Trying to force myself to be happy wasn’t working, so I let the anger come. Caroline Rose’s “Feel the Way I Want” came on my playlist and I kept it on repeat, singing, “Gonna feel the way I want to feel.” It was cathartic and gave me more energy for the rest of the day. It turns out that positive feelings aren’t the only way to motivate during a race. 

Giving myself permission to embrace the lows just as much as the highs kept me going mentally, but my body was in rough shape. I made a huge effort from Ulapool, up the notorious Coffin Road, and into Fisherfield. Having ridden this section of the route with Andrew a couple weeks before, I knew what was coming and kept on the gas despite my crackling lungs and swollen leg. I hiked my bike with more effort and energy than I thought I had left and it felt amazing. I anticipated getting to the top and savoring the descent and fun flowy miles after the tough climb. 

In reality, as I started descending, my angry leg sent a shock of pain up my body for each bump in the trail. I stopped at my favorite view of the whole course overlooking Fionn Loch and started coughing up bloody mucus. I knew I wanted to at least get down the descent before stopping, so I continued the painful limp down thinking about what to do next. I stopped at the shore of the loch and took off my shoe and sock to assess my leg. It was about to burst. My lymphatic fluid was weeping out of my skin and was starting to blister. I tried not to catastrophize the situation in my mind. I was worried about my kidneys or some kind of blockage, but I knew that a more realistic picture of what was happening was the combination of the overuse for overcompensating for my knee and using too much compression. Regardless of what the issue was, it hurt freaking bad and I wasn’t going anywhere fast. I contemplated camping right there but decided to give myself a 15-minute nap first so I could think more clearly.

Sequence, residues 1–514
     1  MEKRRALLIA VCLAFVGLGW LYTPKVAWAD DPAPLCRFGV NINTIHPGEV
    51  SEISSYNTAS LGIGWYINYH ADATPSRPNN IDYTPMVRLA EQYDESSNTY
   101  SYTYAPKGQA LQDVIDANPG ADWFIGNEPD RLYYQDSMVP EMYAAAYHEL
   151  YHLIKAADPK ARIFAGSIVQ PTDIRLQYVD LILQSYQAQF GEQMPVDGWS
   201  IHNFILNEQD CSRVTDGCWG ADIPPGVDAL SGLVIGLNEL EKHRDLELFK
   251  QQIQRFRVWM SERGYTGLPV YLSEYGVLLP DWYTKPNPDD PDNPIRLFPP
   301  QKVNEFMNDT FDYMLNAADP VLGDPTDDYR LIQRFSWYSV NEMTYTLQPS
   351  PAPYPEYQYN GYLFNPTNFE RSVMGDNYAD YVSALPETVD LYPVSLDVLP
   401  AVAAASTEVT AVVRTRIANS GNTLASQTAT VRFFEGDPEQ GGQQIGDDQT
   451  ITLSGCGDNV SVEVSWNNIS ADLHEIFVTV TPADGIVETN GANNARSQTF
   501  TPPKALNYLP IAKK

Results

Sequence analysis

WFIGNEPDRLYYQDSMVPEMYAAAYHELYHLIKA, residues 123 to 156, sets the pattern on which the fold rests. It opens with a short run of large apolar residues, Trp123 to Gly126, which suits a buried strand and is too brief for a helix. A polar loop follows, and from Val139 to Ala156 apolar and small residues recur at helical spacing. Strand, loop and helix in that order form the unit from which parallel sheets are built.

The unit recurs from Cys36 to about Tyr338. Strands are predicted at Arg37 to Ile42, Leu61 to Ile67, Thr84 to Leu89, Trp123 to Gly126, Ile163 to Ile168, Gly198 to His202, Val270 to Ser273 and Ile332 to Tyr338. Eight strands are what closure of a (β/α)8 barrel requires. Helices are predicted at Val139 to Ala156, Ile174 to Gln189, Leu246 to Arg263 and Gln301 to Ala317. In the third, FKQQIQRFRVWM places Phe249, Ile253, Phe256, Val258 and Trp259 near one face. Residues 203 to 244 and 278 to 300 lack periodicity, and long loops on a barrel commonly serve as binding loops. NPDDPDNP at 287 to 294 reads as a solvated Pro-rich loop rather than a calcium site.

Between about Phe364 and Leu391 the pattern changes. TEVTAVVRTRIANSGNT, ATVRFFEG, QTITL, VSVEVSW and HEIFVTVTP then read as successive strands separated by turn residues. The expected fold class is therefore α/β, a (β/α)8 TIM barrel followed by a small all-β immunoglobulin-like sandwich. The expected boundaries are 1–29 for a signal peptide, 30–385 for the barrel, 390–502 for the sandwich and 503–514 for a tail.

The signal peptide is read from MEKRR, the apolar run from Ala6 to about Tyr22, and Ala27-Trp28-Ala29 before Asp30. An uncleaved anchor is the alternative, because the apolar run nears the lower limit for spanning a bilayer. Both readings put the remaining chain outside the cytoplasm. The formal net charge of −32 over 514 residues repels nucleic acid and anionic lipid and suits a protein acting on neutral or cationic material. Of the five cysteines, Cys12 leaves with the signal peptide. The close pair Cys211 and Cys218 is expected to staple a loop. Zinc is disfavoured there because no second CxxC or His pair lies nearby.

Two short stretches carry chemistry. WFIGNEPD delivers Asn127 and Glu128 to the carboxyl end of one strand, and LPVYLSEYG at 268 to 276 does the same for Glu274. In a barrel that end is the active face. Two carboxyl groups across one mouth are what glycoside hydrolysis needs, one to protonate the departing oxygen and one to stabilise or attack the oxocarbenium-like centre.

After my nap, I decided to see how it felt to keep moving. Excruciating. It wasn’t worth the energy spent experiencing the pain to continue. I had plenty of food for the night and morning and taking a rest there meant I’d be at the next resupply within store hours. Despite the fact that it was 9pm and there were still two hours of daylight, I stopped and set up my bivy. I sat there and cried along one of the most scenic sections of trail on the route. Why can’t I do this? Why is my body not cooperating despite feeling so prepared? Why is my asthma so unmanageable during these things? 

Realizing my time goal had slipped away, I knew I had to reassess my goals. Did I really mean it that my main goal was to finish and that my time goal was secondary? 

Could I still love my body and myself despite this failure?